Home Haddonfield News Haddonfield School District examines what it means to be anti-racist

Haddonfield School District examines what it means to be anti-racist

Virtual town hall meeting builds on events of the summer months.


Building on a town hall in late June that was an outgrowth of unrest across the country in the wake of the May killing of George Floyd, the Haddonfield School District hosted a second, virtual gathering on Oct. 26 that focused on what it means to be anti-racist.

The event was moderated once more by Dr. Shelley Zion of Rowan University, a collaborator with the district on matters of diversity. She set the tone for the discussion by advising, “I invite you to focus on your listening for understanding, rather than overlaying your own perspective and experience on the topic.”

Zion offered three key ideas to guide any conversation: Define what is racist, what do we mean when we talk about being not racist and what does it mean to be anti-racist?

“We have all been impacted by racist ideas in this country, and racism is a part of the institutions that we live and work in every day,” she intoned.

Zion was joined by 10 panelists from the community who each presented a case for improvement across the board in examining standards and practices to remove bias, prejudice and racism.

Superintendent Chuck Klaus revealed how he was given the task, as assistant superintendent, to oversee the district’s strategic goal of cultural competency. He spoke from an administrative point of view in reviewing district hiring practices,  the pressing need for diverse staff and placing people of color in leadership roles. Klaus also cited the need to recognize passivity and complacency and remove that attitude to affect change. 

“People of color, for years, were seen as custodial or maintenance workers,” he admitted. “So, for a long time, children coming through our district did not see people of color in leadership roles, as teachers or administrators.”

Residents of Haddonfield do not see persons of color patrolling the borough, as acknowledged by Haddonfield Police Chief Jason Cutler, who pledged nonetheless, that “things that have happened in the past, that should never happen, and on my watch will never happen again.”

Cutler also mentioned the number of residents who have contacted the department “to weaponize police” against so-called suspicious persons of color walking on borough streets, what he called out as a racist mindset.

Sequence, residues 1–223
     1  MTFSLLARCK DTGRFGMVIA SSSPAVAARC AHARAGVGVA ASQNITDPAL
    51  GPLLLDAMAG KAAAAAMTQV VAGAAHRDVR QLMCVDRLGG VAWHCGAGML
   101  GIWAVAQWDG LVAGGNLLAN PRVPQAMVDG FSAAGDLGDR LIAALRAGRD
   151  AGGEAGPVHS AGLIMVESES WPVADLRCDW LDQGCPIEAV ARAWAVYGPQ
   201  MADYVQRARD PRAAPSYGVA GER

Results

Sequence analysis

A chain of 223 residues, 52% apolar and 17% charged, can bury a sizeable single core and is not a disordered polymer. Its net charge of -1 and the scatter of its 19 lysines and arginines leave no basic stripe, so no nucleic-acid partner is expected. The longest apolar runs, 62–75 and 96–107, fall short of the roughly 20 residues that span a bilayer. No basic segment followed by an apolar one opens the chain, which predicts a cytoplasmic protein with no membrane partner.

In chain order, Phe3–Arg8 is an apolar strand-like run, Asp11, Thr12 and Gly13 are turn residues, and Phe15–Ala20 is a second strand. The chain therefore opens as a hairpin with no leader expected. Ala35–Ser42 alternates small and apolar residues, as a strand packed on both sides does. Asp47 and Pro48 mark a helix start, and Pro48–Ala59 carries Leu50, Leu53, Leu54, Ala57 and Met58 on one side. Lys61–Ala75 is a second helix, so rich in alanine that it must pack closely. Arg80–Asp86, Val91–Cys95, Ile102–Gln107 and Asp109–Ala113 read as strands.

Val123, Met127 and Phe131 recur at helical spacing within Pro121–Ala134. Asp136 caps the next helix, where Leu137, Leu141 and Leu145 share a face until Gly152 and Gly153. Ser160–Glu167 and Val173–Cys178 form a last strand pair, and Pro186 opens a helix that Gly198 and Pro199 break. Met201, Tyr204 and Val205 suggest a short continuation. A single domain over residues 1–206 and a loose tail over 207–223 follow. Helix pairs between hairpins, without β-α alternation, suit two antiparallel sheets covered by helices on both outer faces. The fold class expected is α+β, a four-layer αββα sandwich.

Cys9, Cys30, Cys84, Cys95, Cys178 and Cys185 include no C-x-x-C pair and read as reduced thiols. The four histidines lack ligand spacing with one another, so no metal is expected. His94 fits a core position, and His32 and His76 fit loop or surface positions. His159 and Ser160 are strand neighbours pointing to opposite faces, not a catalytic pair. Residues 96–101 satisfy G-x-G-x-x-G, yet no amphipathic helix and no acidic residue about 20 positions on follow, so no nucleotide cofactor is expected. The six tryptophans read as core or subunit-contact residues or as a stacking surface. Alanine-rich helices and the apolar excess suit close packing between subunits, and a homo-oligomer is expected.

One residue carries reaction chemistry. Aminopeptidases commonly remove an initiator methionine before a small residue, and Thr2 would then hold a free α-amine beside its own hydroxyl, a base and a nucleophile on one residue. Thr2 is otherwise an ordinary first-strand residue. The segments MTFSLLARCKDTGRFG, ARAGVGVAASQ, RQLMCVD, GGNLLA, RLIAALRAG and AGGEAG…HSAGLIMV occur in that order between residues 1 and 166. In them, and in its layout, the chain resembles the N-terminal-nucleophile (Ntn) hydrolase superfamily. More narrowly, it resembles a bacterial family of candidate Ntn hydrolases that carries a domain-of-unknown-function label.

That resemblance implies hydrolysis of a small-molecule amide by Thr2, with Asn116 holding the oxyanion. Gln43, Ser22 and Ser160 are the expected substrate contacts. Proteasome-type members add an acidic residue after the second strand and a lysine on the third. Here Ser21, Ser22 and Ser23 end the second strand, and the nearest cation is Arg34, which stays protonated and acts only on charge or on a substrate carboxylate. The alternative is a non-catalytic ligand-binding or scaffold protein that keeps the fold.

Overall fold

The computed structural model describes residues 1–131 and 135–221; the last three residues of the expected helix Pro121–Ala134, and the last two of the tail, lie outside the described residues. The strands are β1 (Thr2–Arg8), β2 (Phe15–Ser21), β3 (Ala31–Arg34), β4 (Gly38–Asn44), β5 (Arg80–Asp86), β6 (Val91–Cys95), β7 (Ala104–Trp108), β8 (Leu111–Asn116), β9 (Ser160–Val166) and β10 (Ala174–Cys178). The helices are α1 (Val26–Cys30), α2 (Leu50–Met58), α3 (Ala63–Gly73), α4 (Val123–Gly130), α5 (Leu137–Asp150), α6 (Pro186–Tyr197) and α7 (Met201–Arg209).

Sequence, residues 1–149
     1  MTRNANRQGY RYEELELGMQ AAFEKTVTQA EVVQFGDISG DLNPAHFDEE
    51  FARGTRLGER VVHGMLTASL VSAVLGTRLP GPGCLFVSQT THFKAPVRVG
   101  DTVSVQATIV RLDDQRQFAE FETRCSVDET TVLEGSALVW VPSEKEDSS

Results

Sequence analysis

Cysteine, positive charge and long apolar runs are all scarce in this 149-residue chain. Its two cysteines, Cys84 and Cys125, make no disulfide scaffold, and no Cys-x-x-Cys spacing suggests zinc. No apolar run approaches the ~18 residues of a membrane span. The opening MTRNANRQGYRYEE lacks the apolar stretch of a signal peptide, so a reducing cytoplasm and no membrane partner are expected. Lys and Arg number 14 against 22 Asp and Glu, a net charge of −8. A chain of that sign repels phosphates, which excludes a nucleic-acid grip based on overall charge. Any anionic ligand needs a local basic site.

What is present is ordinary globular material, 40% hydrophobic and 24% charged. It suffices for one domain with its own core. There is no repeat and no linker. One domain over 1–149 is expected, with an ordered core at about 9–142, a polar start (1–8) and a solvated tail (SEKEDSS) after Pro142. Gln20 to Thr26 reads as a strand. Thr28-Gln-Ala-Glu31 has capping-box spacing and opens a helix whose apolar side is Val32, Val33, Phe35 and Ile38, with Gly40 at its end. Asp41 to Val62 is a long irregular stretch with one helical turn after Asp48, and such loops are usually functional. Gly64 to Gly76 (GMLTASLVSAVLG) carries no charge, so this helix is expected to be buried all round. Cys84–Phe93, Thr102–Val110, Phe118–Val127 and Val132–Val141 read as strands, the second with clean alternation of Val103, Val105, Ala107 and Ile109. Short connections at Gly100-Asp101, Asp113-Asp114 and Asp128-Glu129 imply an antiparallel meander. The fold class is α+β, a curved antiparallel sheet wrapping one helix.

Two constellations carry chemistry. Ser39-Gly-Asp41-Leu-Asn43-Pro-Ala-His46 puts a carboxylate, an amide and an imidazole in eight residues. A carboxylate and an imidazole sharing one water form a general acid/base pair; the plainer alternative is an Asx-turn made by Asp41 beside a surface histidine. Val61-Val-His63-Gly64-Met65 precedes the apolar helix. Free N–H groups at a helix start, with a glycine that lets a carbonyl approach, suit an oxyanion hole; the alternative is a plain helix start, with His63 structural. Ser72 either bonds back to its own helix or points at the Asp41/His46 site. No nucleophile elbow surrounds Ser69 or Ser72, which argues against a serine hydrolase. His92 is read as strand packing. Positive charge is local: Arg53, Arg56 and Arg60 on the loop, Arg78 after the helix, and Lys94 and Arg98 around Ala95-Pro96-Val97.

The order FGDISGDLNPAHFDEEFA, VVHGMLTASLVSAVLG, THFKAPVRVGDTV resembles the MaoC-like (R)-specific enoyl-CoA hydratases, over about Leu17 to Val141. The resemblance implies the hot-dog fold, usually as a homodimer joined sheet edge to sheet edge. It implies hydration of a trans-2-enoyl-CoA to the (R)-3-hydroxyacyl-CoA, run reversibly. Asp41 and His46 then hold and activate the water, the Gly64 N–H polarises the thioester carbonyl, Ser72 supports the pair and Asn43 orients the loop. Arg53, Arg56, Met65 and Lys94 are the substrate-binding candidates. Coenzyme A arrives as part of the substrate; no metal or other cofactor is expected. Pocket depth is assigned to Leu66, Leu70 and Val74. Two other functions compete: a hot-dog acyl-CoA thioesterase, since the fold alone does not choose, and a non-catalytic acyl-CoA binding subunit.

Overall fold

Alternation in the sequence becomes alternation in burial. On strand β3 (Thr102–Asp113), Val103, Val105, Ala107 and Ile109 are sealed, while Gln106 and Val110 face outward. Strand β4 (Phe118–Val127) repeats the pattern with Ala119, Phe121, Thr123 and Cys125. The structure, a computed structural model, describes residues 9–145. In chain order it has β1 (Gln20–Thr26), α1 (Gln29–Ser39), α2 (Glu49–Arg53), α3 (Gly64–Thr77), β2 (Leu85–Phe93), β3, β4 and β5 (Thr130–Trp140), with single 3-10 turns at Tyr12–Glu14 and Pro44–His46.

“We have to educate the residents to that fact. They don’t look in the mirrors and see that (the thought process is racist),” he said. 

Resident John Talton pointedly thanked Cutler and the police department for not picking him up on his walks through town and revealed that the Human Relations Commission is expected to hold a discussion at some point in November around the 2016 Netflix documentary “13th,” from filmmaker Ava DuVernay. 

Additional testimonials came from seniors at Haddonfield Memorial High School, Alexa King and Mehki Rippey, who were part of the local student contingent that led the protest along Kings Highway on June 24. 

“I notice when we discuss race … we tend to discuss it as a historical thing: Slavery. Jim Crow. Civil Rights, and poof, it’s over. That’s a damaging way to look at it,” said King, who is White. 

“High-schoolers have short attention spans, but when you look at the systemic nature of racism in a way that’s hard to connect to, it becomes difficult to see it as an immediate issue.” 

Rippey, who is Black, revealed his arc of maturity in Haddonfield has been forged almost exclusively through the prism of race, offering, “I went on a pretty big journey here at the high school.”  

Originally well aware of how unwelcome he was made to feel just four years ago, Rippey noticed changes both subtle and overt, starting with his peers, that leave him hopeful for a better future. 

“It’s scary to witness the death and the terror that’s happened in the country, but seeing the people in this community rising up to help, as opposed to four years ago, is heartening,” Rippey concluded. 

Board President Adam Sangillo provided the final fuel to focus future discourse. He assailed the damaging nature of social media as the barrier to effective communication, saying, “The goal is to be uncomfortable in person. It’s talking to your neighbors and stepping outside your front door to find out what’s going on.”

Full video of the town hall can be found on the HSD Broadcast YouTube channel at: https://www.youtube.com/watch?v=rVnq2IeeoZE.

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